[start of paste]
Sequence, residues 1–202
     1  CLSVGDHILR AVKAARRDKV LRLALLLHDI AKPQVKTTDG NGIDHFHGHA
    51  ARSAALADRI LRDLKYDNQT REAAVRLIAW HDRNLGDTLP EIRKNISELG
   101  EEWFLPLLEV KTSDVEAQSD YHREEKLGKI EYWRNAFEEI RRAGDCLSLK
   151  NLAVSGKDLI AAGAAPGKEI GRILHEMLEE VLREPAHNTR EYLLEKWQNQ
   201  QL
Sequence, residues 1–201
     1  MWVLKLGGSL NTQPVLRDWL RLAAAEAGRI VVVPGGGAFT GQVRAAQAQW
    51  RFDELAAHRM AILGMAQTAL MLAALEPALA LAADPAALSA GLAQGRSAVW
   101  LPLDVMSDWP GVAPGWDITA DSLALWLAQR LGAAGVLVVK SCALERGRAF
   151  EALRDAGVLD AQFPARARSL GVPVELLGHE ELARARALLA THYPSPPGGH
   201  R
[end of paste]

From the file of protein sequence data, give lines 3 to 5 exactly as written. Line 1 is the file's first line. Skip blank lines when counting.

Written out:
    51  ARSAALADRI LRDLKYDNQT REAAVRLIAW HDRNLGDTLP EIRKNISELG
   101  EEWFLPLLEV KTSDVEAQSD YHREEKLGKI EYWRNAFEEI RRAGDCLSLK
   151  NLAVSGKDLI AAGAAPGKEI GRILHEMLEE VLREPAHNTR EYLLEKWQNQ